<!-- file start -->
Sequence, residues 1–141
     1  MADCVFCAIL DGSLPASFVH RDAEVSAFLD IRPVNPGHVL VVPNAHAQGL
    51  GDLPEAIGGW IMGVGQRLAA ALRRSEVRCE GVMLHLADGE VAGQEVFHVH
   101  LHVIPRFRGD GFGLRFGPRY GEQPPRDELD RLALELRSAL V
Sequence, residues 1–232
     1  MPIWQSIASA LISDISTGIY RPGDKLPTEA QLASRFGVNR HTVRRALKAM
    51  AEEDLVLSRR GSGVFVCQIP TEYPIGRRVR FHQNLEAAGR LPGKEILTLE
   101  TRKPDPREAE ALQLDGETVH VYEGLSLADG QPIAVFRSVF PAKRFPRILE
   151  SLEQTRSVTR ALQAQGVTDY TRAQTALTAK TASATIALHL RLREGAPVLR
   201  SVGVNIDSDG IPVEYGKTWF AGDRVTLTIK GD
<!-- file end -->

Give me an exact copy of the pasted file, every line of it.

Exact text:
Sequence, residues 1–141
     1  MADCVFCAIL DGSLPASFVH RDAEVSAFLD IRPVNPGHVL VVPNAHAQGL
    51  GDLPEAIGGW IMGVGQRLAA ALRRSEVRCE GVMLHLADGE VAGQEVFHVH
   101  LHVIPRFRGD GFGLRFGPRY GEQPPRDELD RLALELRSAL V
Sequence, residues 1–232
     1  MPIWQSIASA LISDISTGIY RPGDKLPTEA QLASRFGVNR HTVRRALKAM
    51  AEEDLVLSRR GSGVFVCQIP TEYPIGRRVR FHQNLEAAGR LPGKEILTLE
   101  TRKPDPREAE ALQLDGETVH VYEGLSLADG QPIAVFRSVF PAKRFPRILE
   151  SLEQTRSVTR ALQAQGVTDY TRAQTALTAK TASATIALHL RLREGAPVLR
   201  SVGVNIDSDG IPVEYGKTWF AGDRVTLTIK GD